1/2 cup brown sugar
4 tablespoons cold butter
Powdered sugar, for serving
Whipped cream, for serving
Directions
Preheat the oven to 400 degrees F.

Add the cinnamon, nutmeg and apples to a pan. Saute the apples over medium-low heat until slightly soft, 3 to 5 minutes.

Meanwhile, prepare the batter. Mix the milk, vanilla and eggs in a bowl. Add the flour, granulated sugar and salt and whisk lightly (some lumps are ok but not too many).

Increase the heat under the apples to medium and add the brown sugar and butter. Cook until a syrup forms, about 3 minutes, then add the batter all at once to the center of the pan. Swirl the apple syrup mix through the batter, using a heatproof spatula, to form ribbons (you do not want to fully combine the apple-sugar syrup into the batter). Cook until small bubbles form around the edge.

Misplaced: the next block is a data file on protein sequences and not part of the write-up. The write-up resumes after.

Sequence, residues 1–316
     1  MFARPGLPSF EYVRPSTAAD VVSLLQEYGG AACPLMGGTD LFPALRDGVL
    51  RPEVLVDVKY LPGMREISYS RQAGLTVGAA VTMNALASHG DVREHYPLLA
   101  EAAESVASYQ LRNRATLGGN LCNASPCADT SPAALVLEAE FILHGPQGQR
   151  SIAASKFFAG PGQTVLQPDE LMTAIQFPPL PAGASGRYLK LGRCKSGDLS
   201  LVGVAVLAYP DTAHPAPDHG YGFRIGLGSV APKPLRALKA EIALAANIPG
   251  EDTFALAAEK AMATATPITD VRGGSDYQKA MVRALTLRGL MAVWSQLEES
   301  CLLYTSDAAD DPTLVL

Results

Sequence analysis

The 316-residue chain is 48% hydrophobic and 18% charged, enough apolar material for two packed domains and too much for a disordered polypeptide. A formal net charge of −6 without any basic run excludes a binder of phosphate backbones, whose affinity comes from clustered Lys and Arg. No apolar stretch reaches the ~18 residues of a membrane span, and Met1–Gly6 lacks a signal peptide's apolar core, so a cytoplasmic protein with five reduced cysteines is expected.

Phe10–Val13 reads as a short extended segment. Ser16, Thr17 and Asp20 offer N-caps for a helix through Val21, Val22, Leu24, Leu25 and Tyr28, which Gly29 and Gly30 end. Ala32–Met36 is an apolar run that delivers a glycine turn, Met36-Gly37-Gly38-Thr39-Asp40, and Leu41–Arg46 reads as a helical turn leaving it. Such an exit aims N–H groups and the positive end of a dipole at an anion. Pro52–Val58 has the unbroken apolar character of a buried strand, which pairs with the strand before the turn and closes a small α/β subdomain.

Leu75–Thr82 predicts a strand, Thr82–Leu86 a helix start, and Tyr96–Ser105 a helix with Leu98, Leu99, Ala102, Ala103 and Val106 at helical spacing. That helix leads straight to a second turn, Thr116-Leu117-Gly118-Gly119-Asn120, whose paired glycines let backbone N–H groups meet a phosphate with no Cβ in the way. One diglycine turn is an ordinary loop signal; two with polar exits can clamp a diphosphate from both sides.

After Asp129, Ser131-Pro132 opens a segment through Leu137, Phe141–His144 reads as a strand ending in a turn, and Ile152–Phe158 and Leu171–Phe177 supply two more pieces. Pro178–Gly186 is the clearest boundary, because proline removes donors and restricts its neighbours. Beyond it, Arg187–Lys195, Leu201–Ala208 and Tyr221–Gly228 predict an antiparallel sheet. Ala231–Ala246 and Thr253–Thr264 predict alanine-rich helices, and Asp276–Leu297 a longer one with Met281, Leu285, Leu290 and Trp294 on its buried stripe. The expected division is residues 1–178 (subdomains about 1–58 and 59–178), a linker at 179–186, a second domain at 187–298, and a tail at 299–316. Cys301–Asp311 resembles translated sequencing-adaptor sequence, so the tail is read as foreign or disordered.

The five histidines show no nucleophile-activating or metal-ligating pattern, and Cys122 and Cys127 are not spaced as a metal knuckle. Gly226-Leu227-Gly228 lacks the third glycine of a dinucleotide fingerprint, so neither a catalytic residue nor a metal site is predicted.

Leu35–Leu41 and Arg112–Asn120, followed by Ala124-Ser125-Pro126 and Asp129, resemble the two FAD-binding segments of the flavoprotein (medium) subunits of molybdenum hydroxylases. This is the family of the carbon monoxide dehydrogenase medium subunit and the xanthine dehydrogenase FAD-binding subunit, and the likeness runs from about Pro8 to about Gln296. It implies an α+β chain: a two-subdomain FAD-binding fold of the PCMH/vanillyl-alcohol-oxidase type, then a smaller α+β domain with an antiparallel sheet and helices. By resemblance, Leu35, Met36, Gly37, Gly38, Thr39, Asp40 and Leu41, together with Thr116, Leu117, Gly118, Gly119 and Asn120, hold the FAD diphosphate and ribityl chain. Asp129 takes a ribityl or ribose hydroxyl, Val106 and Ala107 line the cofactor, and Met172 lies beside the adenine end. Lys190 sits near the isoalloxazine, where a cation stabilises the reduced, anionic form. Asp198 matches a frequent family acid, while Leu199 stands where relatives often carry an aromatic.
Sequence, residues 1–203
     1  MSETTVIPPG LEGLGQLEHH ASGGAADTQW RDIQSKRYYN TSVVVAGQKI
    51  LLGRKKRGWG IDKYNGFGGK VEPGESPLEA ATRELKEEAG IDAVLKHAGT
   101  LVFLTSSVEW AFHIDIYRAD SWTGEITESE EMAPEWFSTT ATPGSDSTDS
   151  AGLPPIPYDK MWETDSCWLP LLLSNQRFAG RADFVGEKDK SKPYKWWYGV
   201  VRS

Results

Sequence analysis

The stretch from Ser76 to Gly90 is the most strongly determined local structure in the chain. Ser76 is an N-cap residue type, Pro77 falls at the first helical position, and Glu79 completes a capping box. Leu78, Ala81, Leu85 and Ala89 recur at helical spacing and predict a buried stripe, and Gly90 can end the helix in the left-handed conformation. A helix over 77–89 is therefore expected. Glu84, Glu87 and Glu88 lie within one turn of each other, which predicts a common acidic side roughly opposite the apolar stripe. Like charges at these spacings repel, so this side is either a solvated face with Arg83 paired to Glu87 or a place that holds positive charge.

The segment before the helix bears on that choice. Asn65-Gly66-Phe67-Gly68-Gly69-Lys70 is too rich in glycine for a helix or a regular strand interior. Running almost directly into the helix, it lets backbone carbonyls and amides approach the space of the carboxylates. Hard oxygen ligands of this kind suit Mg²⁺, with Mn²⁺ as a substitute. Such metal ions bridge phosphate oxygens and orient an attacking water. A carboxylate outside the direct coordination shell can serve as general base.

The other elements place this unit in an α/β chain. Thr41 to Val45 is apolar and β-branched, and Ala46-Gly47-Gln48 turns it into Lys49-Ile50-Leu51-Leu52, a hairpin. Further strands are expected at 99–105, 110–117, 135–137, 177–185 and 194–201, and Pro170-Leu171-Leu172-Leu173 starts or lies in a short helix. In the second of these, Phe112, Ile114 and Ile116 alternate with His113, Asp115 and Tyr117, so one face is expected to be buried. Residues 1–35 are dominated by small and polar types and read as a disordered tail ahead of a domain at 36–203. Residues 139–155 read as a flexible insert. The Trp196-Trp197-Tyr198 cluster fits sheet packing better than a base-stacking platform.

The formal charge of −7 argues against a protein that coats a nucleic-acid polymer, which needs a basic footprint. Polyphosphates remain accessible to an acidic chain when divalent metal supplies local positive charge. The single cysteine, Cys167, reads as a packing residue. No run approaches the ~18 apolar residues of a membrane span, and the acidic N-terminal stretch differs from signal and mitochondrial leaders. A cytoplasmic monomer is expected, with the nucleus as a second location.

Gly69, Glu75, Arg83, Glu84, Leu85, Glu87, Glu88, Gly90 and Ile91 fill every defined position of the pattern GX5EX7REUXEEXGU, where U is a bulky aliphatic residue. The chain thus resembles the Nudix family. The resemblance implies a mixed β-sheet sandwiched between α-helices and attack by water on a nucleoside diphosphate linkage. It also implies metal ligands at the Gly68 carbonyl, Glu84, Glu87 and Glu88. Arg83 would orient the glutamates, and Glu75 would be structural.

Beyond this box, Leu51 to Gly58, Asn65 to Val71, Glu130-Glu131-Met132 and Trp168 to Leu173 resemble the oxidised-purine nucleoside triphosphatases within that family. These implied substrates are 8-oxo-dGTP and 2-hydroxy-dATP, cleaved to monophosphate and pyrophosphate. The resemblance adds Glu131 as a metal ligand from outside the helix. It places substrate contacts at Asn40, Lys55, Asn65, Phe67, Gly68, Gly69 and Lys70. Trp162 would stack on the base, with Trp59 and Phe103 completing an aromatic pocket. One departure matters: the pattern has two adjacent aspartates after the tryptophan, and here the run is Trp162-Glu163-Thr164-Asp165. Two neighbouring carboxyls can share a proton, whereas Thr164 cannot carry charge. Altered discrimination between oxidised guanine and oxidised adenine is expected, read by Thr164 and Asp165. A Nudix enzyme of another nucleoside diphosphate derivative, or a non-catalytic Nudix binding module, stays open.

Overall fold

Finish cooking the pannekoeken in the oven, 12 minutes. To serve, invert a 12-inch plate over the pan and flip the pan to turn out the pannekoeken. Sprinkle with powdered sugar, top with whipped cream and enjoy!

5 responses

  1. Wow! This is in my neck of the woods! I will have to figure out what restaurant that is!

    • It was somewhere around Chicapee…right on the edge of town, coming from South Hadley. Not far from Greenfield at all. It could have been the Munich Haus…but I think it was some family name. I’ll check with a friend who still lives in that area.

  2. I had to think about this one. But our pancakes or pannekoeken (i am Dutch) are more in between the French crepe and the American pancake. when thickness comes to mind.

    I do know that the Pankuchen in Germany translates pancake or again pannekoeken is more of a pie baked in the pan..Though I can still be wrong 😀 he he it is so widely spread.

    None the less. those things are so delicious. and yummy now i got a recipe to.
    Thank you for sharing.

    • You are so welcome! ….and please know that if you decide to cook one of these beauties up, I will not object if you would like to share it with me. 🙂

      Thanks for stopping by and for your comment.

      Stacy